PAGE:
Wednesday 30 April 2014
Rebecca Fickling recently won the President’s President Award for her work as the President of the PsiStar Society. She tells us about her experiences of trying to make changes to such a large society and her plans for her future after PsiStar.
Congratulations on winning the President’s President Award! What did you feel like when you found out you had won?
Winning was nice! You put a lot of work into running a society and want it to have a positive impact on anybody involved in it. As PsiStar is so large (186 paid members), it's difficult to truly gauge how well the society is meeting its targets on an individual level - so being recognised by other Presidents is a great way to confirm our performance!
Tell us about the society.
PsiStar is a society that considers its members' dynamic desires and expectations by offering a large amount of different events. Though based in the School of Physics and Astronomy, PsiStar is more focused on providing students with opportunities to do something fun and no event is exclusionary based on Physics or Astronomy ability or interest. We revel in the challenge to intrigue non-specialists by favouring the more interesting aspects of the discipline with any truly academic events communicated at a level that everybody can understand.
Every year, there is a 200 person strong Physics and Astronomy Ball with food, wine and music - this year provided by the Jazz Band as well as a specially formulated Physics Band consisting of 4 third year students (with a lecturer starring in an entertaining cameo!) Other events include karaoke nights, summer BBQs, evening Physics and Astronomy guest lectures, trips to CERN in Switzerland, as well as the frequent pub-crawls!
Why did you decide to become the president of PsiStar?
Everybody has an idea about what they expected from university before they attend and this rarely matches up with reality. One aspect that deviated from my expectations was the department's society. But rather than be critical, I took any opportunity to be involved with the society, firstly as Vice President and the following year as President. Simply, I think it's important to step forward and be the change!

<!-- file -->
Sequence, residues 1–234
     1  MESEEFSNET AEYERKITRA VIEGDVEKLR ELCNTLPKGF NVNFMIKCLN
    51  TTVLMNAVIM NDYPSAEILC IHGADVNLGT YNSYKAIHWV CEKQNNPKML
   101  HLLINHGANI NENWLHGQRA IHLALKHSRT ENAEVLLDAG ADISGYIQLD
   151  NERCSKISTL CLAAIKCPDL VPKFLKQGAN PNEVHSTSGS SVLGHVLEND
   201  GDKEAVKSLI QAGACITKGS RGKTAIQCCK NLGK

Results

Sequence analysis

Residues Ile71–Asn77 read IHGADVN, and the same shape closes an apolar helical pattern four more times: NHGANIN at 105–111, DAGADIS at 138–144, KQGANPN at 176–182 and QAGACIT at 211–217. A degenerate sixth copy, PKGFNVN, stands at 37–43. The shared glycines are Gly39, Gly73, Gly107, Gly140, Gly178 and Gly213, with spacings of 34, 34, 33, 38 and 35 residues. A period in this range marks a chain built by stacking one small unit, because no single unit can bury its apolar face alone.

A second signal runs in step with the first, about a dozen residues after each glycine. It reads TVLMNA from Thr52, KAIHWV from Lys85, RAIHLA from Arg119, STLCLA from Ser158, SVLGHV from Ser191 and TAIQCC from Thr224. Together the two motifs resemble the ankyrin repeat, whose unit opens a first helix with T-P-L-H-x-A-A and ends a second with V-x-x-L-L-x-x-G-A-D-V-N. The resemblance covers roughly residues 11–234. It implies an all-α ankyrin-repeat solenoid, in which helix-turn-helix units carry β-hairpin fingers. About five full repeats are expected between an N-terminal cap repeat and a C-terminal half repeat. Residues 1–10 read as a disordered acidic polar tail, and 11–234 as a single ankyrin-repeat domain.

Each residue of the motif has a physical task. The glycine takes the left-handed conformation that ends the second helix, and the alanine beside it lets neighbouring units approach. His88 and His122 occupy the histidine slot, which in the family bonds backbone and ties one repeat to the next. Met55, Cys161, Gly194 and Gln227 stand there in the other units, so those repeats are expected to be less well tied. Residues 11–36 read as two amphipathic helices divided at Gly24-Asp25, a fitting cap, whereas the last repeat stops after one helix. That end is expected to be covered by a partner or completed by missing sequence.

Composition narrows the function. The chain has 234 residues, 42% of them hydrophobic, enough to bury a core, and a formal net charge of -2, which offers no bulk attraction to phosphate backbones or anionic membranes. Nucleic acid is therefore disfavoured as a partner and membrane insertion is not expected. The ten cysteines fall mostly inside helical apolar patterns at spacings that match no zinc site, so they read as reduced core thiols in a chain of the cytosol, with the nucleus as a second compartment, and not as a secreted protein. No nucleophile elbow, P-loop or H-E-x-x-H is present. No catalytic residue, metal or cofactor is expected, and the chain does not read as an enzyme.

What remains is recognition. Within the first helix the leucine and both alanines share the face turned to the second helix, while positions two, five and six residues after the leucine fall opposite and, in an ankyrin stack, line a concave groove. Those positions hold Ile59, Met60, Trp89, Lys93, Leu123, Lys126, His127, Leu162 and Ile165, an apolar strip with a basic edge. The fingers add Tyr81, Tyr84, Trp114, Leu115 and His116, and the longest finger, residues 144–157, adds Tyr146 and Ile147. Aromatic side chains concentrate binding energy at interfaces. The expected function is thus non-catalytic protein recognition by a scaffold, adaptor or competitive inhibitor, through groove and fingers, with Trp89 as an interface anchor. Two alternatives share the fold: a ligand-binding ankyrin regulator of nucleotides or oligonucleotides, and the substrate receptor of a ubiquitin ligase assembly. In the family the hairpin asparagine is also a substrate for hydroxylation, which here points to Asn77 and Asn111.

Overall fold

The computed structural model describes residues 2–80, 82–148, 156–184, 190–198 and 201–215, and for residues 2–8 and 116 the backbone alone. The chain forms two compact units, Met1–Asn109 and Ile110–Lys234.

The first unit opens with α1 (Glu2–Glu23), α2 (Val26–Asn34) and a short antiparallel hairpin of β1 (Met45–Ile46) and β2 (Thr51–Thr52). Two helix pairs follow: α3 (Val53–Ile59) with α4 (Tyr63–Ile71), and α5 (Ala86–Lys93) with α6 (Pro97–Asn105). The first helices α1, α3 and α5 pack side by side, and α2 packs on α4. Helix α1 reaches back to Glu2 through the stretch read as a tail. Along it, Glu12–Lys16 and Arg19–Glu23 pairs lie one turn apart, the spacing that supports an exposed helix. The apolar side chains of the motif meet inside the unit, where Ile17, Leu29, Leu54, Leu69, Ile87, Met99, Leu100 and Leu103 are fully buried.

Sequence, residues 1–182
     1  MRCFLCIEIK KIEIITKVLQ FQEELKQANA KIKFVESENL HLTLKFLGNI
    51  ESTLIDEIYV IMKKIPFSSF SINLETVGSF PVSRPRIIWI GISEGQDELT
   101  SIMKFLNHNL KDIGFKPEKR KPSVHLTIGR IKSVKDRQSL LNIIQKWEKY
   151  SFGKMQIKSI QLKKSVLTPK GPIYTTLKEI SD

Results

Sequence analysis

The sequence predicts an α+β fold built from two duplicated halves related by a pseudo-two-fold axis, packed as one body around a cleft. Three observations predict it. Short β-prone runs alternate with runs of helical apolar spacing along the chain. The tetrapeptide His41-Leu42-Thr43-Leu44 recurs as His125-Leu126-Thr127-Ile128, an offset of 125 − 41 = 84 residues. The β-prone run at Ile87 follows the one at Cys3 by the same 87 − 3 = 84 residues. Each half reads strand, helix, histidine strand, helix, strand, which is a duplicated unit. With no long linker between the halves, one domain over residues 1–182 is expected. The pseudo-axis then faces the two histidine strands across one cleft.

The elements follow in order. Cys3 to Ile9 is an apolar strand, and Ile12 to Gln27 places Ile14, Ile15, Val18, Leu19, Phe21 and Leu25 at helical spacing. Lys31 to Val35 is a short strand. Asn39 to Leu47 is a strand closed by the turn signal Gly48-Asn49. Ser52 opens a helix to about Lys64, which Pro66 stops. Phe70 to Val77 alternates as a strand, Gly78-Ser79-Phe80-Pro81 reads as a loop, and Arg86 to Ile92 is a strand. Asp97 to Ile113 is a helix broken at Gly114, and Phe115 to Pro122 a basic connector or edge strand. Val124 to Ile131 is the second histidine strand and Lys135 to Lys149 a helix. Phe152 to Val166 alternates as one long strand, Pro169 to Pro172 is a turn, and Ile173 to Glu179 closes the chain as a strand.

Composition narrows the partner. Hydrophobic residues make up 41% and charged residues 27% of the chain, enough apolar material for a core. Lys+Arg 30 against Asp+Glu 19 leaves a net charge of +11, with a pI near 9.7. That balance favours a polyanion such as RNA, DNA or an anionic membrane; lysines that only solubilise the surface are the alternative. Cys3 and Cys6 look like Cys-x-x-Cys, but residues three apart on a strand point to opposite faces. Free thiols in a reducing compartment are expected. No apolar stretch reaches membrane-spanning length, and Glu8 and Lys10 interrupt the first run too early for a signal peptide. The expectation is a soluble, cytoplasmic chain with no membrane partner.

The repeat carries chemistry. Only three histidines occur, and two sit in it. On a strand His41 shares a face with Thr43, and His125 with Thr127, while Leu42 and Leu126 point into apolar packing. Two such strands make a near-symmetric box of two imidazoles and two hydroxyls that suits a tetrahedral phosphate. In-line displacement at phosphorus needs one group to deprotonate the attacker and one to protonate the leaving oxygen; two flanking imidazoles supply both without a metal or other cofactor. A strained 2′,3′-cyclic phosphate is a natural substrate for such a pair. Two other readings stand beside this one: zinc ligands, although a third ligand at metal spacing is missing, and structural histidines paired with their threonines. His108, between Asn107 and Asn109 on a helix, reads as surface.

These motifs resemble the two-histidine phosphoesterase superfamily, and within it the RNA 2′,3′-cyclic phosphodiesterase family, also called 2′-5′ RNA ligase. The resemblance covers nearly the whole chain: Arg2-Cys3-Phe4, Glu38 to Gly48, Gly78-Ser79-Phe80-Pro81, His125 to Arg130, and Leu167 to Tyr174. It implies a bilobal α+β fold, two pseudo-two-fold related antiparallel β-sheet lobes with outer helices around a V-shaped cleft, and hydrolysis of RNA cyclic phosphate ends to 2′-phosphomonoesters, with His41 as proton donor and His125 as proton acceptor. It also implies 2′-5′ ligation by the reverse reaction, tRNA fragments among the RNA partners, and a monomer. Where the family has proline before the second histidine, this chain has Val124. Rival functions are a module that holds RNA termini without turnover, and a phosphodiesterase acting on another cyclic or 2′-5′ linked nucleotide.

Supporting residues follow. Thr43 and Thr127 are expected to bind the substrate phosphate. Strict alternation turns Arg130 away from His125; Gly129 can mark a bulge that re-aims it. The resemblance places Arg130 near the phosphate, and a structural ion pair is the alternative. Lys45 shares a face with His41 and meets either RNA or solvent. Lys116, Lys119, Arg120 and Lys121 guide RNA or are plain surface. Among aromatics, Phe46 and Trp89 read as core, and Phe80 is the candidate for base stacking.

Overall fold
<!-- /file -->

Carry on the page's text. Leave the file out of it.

What changes did you make to the society?
I felt that the society should be doing more to have a big impact from day one on students, so that as they arrive, they have a foundation to build friendships on. I expected the society to act as a family away from home so, when I was able to, I made sure that Freshers' Fortnight was promoted to students at every opportunity, and that we had lots of varying events saturated into this period. We made sure that as many current students from all years were in attendance at events, in order to confirm our claims that the society is a source of support and fun. Staff were a large support – they were asked to attend events where appropriate and the new students were impressed that lecturers made efforts to be involved in welcoming them.
What has been your favourite part about being the PsiStar’s president?
As mentioned earlier, the society is enormous. Being involved with so many people is fantastic. There's nothing better than knowing that you have been a factor in so many people having a great time at Queen Mary.
What has been the most difficult part about being president?
The stress aspect of it can be a little overwhelming at times but, if you're honest at times of hardship, then your fantastic committee will eagerly emerge to rescue any issues!
What are your plans for the future?
Ultimately, I would like to carry on the entrepreneurial skills developed as President and either operate my own business or at least be heavily involved in driving technology based enterprise. I have enjoyed my Physics degree and would like to challenge myself by going in a new direction. The experiences at the heart of PsiStar have been invaluable - you are responsible for everything and have to be very good at it very quickly!